Culture, Science & Faith

The American Melting Pot

Is it demographics or an idea? A look at what makes us great.

Lewis Morris · Mar. 15, 2017

Rep. Steve King (R-IA) got himself into hot water on Twitter recently for comments he made regarding immigration. “Wilders understands that culture and demographics are our destiny,” King said. “We can’t restore our civilization with somebody else’s babies.”

Wilders, of course, is Dutch politician Geert Wilders, who has stirred controversy over his stances on immigration in Holland and greater Europe. Wilders is on record calling for banning the Koran, ending Muslim immigration, and calling Muslims derogatory names.

Leftists in this country will say that all sounds a lot like Donald Trump. But Wilders and Trump have little in common. Trump has called for a temporary ban on immigration from countries that are known to export violence against America and its allies. Wilders wants to ban Muslim immigration permanently. Trump’s actions on immigration are based on our country’s national security and economic wellbeing. Wilders’s actions are based on a belief that Islam itself is at the heart of all the West’s problems.

Leftists in America see no distinction between what Trump is doing on immigration here and what Wilders and far-right politicians are doing in Europe. That’s because they don’t understand the American ideal. Unfortunately, one might say the same of Steve King.

King’s tweet states that demographics are destiny and America, and presumably Western civilization, cannot be saved by “someone else’s babies.” You’ll have a hard time unpacking a statement like that without coming up with a jaundiced view of America that is based on skin color and national origin.

This view, which is certainly in line with Wilders and other far-right Europeans who have risen to prominence in recent years, suggests that America is about blood and race, not culture and ideas. This mindset is misguided at best, dangerous at worst. We have seen the damage that such thoughts breed in this country with slavery and Jim Crow. At its extreme it leads to ethnic cleansing and large-scale genocide, as we have seen in Europe, Asia and Africa.

America’s Founders handed down to us a nation that was based on ideals, not the demographic makeup of its citizenry. As Thomas Paine, the father of liberalism, put it, “The cause of America is in a great measure the cause of all mankind.”

America was and is about representative government, freedom of thought and religion, and the opportunity to make a better life for oneself and one’s family. The fact that a clear majority of early Americans were white and of Western European descent was a key factor in establishing the style of government and culture that composed this country — it was a particular moment in time, in a specific place with certain history. But that doesn’t mean those ideas are confined or bound by race.

As the country grew, and immigrants began arriving from other nations, our government and culture assimilated them via the melting pot. People flocked to this country because of its ideals, because they wanted to be a part of a nation that was like no other nation on Earth. And because America is based on freedom, those immigrants who came here yearning to be free actually enhanced our nation and made it stronger, not weaker.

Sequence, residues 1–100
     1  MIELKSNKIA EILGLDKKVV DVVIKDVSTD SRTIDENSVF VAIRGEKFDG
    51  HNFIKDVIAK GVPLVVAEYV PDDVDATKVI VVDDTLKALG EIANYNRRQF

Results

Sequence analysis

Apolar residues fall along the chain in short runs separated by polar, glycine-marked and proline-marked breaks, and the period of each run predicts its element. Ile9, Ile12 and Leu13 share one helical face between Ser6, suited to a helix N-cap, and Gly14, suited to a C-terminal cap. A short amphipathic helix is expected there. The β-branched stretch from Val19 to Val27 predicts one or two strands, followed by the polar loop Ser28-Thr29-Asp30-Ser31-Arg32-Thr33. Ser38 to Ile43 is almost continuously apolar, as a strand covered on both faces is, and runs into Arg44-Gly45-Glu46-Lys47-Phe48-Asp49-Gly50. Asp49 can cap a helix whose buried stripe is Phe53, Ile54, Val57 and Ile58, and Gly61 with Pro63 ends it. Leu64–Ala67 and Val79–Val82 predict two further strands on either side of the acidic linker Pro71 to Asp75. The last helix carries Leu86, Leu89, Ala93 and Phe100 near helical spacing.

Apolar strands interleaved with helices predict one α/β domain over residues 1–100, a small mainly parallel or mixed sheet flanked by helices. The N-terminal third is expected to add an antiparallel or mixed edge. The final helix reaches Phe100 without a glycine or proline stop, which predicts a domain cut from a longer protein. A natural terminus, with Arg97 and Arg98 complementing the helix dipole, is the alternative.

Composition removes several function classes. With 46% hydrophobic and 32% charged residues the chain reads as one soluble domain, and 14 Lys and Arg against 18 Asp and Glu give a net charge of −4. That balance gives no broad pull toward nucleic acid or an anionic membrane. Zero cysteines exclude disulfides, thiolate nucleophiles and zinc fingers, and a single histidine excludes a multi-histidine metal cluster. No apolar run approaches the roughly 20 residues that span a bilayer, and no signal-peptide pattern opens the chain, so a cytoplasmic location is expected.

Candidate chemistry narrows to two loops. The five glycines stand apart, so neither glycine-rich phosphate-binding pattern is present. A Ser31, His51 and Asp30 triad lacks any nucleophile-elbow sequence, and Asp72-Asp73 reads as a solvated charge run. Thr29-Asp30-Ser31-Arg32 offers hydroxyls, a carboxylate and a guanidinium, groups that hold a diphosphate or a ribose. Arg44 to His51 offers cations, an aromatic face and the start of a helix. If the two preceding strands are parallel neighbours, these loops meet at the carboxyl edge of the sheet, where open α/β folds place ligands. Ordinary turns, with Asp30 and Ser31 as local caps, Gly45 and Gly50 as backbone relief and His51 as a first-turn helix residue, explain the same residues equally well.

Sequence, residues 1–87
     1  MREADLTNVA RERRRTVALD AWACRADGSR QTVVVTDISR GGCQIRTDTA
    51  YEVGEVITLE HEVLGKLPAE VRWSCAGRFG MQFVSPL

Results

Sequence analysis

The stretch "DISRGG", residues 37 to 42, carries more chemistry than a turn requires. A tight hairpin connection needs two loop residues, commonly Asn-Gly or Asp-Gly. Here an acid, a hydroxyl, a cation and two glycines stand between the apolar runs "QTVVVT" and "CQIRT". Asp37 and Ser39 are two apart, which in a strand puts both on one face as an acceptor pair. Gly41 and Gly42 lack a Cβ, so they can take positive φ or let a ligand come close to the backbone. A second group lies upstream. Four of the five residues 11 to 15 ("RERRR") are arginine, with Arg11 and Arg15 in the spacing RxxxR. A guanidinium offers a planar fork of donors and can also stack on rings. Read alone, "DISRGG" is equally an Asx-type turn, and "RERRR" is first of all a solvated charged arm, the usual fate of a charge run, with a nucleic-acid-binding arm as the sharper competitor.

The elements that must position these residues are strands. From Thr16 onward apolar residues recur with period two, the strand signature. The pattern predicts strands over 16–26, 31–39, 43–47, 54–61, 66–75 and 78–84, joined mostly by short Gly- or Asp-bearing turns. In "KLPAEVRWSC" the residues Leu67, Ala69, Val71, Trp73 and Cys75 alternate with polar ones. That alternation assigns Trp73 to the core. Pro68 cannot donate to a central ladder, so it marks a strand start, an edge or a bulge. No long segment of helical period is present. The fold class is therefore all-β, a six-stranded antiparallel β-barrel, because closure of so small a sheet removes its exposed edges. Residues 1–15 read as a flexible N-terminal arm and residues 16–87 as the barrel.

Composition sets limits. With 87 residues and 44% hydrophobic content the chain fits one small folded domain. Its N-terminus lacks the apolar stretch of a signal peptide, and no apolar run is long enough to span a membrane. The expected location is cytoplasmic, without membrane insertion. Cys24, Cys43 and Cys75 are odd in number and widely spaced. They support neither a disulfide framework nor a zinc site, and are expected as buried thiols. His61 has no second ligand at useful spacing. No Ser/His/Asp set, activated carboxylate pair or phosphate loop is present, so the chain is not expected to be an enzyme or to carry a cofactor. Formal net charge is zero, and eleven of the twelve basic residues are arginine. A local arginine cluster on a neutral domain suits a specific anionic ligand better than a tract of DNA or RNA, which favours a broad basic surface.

Still, lack of assimilation among immigrants has been a concern for much of the history of our nation. But it’s rarely the people who come here who don’t want to assimilate — well, at least that was the case before the Left found political advantage in dividing constituent groups. Ironically, it’s the mindset of the extreme Right and Left already in this country that is a bulwark against assimilation.

The Left has fomented a decades-long concerted effort to demonize America and spread a faith of moral relativism, which has led people to believe that assimilation is not just unnecessary, it’s evil. They spread the belief that America is corrupt and racist, and if you assimilate into its culture, then you will be destroyed by it.

The far Right has reacted to this by placing a higher value on demographics than ideals, and sometimes spreading fear and ignorance among the people, even if they don’t mean to do so. If people immigrate to a country where they believe they are not welcome, then they will isolate themselves in closed communities where there is no English, no feeling of American civic duty, no desire to share cultures, and no love of country — all just as the Left desires.

There is also a subset of the Left that believes we shouldn’t have borders. Let everyone in no matter what. This too discourages assimilation because the people who come here have no vested interest in the country. If anyone can come and go at any time for any reason, then there is nothing that makes America special. Nothing is earned and nothing is of value.

America is not a place so much as an ideal. That’s what the Founders intended. It is a fortunate series of events that the great republican experiment happened here in this country. But the success of that experiment was not contingent on the continued dominance of the white race. Rather, it depends on our values.

John Adams once wrote, “There must be a positive passion for the public good, the public interest, honour, power and glory, established in the minds of the people, or there can be no republican government, nor any real liberty.”

Liberty is color blind, and freedom does not come from or belong to any one nation or ethnic group. Steve King surely knows that, and so should we all. If we don’t recognize that fact, then we lose one of the key things that makes America exceptional.

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